After a warmer than usual winter and with spring only days away, The Weather Network has recently released a forecast for what Canadians can expect during the new season.
Chris Scott, director of meteorology for The Weather Network, said that even though the winter was filled with days where temperatures were higher than normal, Canadians shouldn't automatically assume the warming trend will continue.
"While winter in Canada was relatively dry and warm for most of the country due to the jet stream pattern, it doesn't necessarily mean the same for the spring months," said Scott. "March tends to be a winter month in most of Canada, and the potential is still there for significant snow. Overall though, we are expecting a fairly typical warm up through the spring months."
The unusually warm winter may have been due to a variety of factors, the main one being the flow of the jet stream, which kept cold air masses locked in place over the Arctic. As a result, high snow totals that usually typify Canadian winters were primarily felt in parts of Europe and Asia, he noted.
As for temperatures in Western Canada, The Weather Network indicates that conditions will be seasonable throughout the Prairie Provinces, Yukon and Northwest Territories with warmer-than-usual temperatures in Southern Manitoba. Rain totals, meanwhile, are expected to be near normal throughout most of the region, with the exception of Southern Alberta, where exceedingly dry conditions are expected.
In the eastern half of the country, temperatures are projected to be above normal in Ontario, Nova Scotia and Newfoundland, while other provinces should see temperature levels that are on par with previous springs. Precipitation levels should be normal as well, while Ontario and Quebec will likely see considerably wet conditions in the southeastern and southwestern portions of the provinces, respectively.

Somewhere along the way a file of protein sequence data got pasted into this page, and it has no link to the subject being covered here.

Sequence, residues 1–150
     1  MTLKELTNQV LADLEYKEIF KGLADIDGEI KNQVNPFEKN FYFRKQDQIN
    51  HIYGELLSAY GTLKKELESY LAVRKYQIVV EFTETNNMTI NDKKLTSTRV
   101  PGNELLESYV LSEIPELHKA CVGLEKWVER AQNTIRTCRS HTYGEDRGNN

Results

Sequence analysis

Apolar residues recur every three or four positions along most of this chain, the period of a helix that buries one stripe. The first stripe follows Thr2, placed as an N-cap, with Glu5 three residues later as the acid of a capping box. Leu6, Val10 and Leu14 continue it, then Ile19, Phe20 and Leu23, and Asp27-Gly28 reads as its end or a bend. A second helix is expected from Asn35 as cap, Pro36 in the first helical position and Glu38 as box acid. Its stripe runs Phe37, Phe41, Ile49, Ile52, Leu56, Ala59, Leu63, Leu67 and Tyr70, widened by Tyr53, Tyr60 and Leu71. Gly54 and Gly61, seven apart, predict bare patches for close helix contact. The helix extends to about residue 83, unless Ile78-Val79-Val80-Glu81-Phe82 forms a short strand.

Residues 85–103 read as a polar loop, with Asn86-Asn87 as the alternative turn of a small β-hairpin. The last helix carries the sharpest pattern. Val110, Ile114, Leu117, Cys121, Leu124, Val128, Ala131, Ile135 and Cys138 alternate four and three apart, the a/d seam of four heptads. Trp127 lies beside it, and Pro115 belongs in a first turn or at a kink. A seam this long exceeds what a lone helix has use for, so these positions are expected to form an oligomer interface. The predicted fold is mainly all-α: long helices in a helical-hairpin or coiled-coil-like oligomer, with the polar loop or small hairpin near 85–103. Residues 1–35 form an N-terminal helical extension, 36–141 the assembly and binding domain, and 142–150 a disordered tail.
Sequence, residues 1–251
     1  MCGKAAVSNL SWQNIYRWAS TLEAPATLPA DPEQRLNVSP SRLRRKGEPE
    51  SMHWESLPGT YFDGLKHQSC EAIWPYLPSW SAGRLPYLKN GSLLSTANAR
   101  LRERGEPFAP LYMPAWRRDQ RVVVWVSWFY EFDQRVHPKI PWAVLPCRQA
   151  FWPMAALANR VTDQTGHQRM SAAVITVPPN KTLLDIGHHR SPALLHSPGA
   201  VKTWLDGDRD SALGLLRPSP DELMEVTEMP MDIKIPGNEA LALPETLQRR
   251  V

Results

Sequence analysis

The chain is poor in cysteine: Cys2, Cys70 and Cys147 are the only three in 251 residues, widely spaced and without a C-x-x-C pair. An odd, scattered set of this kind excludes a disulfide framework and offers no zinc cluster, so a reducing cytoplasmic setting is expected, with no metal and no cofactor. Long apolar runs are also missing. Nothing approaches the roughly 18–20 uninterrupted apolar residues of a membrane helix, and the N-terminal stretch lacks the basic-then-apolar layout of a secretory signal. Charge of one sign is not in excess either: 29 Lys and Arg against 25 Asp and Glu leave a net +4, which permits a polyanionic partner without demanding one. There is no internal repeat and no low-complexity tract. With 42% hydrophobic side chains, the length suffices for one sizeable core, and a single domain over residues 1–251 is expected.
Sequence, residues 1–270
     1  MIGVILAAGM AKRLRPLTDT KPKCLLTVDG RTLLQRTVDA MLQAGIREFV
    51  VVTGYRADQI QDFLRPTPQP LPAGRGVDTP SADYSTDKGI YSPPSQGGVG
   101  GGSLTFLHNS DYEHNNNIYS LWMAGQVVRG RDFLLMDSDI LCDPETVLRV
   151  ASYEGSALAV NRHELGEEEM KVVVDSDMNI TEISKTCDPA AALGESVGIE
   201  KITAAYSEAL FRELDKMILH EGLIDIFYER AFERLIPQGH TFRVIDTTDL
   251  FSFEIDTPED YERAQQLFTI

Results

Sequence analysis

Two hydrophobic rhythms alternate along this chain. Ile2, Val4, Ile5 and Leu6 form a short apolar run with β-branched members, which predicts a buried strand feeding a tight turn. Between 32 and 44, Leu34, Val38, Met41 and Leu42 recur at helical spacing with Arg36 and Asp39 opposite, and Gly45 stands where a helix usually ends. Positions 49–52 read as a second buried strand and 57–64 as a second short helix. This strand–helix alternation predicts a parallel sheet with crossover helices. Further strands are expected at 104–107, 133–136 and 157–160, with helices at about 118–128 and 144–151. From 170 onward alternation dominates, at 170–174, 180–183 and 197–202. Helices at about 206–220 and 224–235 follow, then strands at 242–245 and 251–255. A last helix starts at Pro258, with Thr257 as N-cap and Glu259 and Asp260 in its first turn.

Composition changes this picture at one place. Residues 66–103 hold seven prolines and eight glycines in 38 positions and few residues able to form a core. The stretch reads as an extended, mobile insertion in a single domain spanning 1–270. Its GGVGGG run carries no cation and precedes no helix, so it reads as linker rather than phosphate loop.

With the potential of wet weather over the next few months, people should work to prevent water damage to their homes and avoid home insurance claims. Officials from the Insurance Bureau of Canada said recently that flood damages had grown considerably in recent years.
The IBC urges homeowners keep their drains clear and make sure the grading of the land allows water to follow away from the house. In addition, if homeowners are going away, they may wish to have someone check on their property while they are gone.
While The Weather Network's report only detailed what temperatures and precipitation levels will be like in the spring, rainfall may also bring severe storm activity. And as the Canadian Red Cross notes, storms can be in the form of lightning and tornadoes.
Because there is a level of risk that comes with these storms, Red Cross Canada offers a few recommendations for what people should do when they occur.
For example, during thunder and lightning storms, individuals are advised to stay in their house while the storm is taking place and to disconnect sensitive electrical appliances. The source also recommends staying away from windows and metal objects, as the electrical charge from a lightning strike can cause injury in addition to a potential home insurance claim.
Similar safety measures should also be taken when there's a tornado. In addition to staying away from windows and doors, Canadian Red Cross says individuals should also go to the lowest portion of their house - usually the basement - or in any enclosed area that can't collapse. If individuals are driving at the time, they're cautioned to turn off the engine, leave their cars and seek the nearest source of shelter they can find.